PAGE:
Service Industry Shell Games

On the subject of universities, Matt Yglesias notes that rather than attract more customers or increase productivity by upselling existing customers, “schools are more often trying to ditch their existing customer base in favor of obtaining a different, more prestigious set of customers.” The one observation I would have about this is that this particular business model seems to be most widely seen in businesses whose services are of dubious value. By “dubious value” I don’t mean that that the service rendered is worthless, exactly, but that the service rendered has a much more questionable relevance to the customer’s desired outcome than is generally assumed.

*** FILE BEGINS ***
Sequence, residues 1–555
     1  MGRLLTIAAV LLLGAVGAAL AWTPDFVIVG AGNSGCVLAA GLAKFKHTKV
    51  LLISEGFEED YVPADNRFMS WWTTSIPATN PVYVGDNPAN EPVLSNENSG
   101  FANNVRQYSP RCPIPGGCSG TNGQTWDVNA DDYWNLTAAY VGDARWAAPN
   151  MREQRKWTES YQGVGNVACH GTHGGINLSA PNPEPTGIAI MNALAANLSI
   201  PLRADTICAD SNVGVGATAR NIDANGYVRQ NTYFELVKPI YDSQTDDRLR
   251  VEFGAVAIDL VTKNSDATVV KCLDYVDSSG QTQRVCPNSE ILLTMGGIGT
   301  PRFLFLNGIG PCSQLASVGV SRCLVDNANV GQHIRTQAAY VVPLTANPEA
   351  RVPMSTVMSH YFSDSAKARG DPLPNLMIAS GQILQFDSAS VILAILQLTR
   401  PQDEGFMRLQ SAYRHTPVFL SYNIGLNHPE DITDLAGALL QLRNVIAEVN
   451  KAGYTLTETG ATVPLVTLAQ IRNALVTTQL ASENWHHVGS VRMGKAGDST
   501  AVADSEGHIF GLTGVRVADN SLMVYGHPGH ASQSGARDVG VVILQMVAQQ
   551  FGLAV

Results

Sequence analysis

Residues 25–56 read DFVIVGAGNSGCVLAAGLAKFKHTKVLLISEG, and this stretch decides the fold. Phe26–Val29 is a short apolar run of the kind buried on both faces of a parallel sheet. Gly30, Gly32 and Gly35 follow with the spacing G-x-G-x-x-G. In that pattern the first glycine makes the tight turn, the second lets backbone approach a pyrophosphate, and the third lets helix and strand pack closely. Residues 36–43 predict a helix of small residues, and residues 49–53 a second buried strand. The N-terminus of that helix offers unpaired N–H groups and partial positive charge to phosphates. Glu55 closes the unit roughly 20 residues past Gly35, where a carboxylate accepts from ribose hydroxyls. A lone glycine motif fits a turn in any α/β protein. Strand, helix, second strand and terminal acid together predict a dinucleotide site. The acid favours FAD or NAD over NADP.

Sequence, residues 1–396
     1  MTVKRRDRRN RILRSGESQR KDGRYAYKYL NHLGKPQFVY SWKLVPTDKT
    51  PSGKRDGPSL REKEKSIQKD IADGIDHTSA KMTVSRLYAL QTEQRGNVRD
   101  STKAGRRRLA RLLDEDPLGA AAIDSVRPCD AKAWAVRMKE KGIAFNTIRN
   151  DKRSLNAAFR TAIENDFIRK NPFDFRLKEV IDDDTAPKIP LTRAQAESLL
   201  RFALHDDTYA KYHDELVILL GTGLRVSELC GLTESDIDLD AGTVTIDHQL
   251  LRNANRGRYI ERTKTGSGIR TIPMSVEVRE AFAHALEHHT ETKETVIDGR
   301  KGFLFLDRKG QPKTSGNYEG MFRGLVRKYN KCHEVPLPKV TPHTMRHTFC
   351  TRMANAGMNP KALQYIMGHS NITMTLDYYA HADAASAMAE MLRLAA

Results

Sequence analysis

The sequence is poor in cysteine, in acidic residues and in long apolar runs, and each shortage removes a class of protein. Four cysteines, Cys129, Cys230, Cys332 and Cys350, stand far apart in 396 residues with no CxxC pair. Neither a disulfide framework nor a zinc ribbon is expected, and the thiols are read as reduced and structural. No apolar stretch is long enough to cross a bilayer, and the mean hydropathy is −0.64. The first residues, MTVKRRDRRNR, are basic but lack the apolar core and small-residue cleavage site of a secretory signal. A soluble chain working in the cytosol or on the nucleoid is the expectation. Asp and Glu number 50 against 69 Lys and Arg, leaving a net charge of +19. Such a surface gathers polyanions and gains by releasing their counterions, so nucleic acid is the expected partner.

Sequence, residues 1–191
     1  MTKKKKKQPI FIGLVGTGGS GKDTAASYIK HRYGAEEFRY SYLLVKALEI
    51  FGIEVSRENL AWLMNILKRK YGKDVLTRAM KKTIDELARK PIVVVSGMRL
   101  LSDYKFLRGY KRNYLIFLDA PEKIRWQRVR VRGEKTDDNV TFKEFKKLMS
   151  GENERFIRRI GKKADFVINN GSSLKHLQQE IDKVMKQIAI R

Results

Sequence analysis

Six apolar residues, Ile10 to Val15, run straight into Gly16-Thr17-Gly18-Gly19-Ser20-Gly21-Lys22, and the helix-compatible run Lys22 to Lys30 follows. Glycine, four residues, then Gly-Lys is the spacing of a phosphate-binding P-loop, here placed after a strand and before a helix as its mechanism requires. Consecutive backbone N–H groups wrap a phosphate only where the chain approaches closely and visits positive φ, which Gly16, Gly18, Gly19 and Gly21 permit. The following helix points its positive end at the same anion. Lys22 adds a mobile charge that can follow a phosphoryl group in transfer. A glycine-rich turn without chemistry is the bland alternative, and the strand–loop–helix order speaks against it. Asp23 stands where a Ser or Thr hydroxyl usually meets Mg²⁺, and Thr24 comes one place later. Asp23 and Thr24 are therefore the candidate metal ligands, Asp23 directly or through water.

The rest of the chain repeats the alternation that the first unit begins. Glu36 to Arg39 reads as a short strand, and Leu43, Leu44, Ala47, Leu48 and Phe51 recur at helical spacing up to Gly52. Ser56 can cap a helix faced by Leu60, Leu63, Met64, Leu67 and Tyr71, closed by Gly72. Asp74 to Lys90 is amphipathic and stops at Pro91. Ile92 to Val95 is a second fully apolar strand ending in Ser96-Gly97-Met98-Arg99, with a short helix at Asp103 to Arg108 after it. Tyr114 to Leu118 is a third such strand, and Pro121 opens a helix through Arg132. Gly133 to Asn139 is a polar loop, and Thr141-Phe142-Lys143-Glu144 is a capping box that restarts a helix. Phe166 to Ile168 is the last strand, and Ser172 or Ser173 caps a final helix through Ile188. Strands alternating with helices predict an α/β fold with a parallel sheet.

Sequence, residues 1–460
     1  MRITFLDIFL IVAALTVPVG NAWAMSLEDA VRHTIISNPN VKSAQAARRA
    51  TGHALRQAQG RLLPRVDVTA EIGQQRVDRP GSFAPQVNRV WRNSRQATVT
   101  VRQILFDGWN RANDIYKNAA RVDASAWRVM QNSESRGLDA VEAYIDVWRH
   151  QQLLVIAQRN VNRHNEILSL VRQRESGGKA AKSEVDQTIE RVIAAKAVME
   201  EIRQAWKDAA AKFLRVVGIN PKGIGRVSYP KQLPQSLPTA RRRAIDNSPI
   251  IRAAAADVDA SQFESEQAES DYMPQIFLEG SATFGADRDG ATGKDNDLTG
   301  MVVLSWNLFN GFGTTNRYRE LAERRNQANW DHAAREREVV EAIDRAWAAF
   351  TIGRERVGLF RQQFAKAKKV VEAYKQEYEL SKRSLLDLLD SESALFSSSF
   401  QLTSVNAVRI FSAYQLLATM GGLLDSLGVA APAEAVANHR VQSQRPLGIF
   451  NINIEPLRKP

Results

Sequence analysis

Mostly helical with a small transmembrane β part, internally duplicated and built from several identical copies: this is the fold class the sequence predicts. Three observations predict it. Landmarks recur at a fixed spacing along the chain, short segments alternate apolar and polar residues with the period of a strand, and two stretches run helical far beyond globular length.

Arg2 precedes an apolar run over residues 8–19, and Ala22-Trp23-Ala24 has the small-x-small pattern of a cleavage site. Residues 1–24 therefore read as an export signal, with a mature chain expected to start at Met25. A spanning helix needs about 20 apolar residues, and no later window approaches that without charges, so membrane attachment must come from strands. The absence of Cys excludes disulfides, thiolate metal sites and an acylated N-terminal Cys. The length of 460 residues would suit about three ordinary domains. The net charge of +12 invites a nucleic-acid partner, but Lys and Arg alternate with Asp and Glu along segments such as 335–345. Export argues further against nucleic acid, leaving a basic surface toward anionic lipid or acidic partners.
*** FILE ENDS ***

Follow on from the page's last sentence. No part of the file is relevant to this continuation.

Most people aren’t going to college to learn how to think, despite the glossy brochures full of ivory-tower talk that the admissions office sends out. They’re going because a degree is the gateway to securing a middle-class or better lifestyle, even though the jobs they’ll end up taking usually require exactly zero of the knowledge they learned in college. And the same is true of, say, old-style ad agencies and investment banks – due to the particular idiosyncrasies of how those sectors evolved, they’re able to operate hugely profitable and largely unaccountable businesses despite it being unclear why their customers really need them at all to accomplish their ultimate goals.

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